SOURCE: Baltimore City Life Museum Collection
    REPOSITORY: Maryland Historical Society, Baltimore, Maryland
  4. DESCRIPTION: Baltimore, Md. Street car conductor
    CREATOR: Collins, Marjory, 1912-1985, photographer
    How To obtain copies of this item
    Farm Security Administration - Office of War Information Photograph Collection
    Library of Congress Prints and Photographs Division Washington, D.C. 20540
  5. DESCRIPTION: Double horse car used in Baltimore in 1885
    Obtaining reproductions and copyright
    Library of Congress Prints and Photographs Division Washington, D.C. 20540
  6. DESCRIPTION: Photograph, 500 Block of South Broadway Street, Baltimore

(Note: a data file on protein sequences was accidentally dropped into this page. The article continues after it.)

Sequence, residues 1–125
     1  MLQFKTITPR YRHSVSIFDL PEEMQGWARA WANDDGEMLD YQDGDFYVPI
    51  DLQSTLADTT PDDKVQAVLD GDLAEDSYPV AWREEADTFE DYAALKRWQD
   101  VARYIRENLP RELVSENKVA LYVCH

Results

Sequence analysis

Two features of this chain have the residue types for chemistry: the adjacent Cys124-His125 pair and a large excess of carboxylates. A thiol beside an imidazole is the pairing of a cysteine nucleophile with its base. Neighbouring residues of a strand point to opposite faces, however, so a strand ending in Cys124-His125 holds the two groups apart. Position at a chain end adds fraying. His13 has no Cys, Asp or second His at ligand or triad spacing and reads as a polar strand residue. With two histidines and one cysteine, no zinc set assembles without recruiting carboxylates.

Image reproduction and permission
    Maryland Department, Photograph Collection
    REPOSITORY: Enoch Pratt Free Library, Baltimore, Maryland
  7. DESCRIPTION: Street Cars Baltimore City Railway ca. 1885 - 1890
    DATE CREATED/PUBLISHED: ca. 1885 - 1890
    REPRODUCTIONS: Image reproduction and permission
    SOURCE:Maryland Memory Projects: The Digital Library of the Maryland Historical Society, Z24.420
    REPOSITORY: H. Furlong Baldwin Library, Maryland Historical Society
  8. DESCRIPTION: Photograph, Baltimore, Pimlico and Pikesville line of the Baltimore Traction Company
    REPRODUCTIONS: Image reproduction and permission
    SOURCE: Legacy Web
    REPOSITORY: Baltimore County Public Library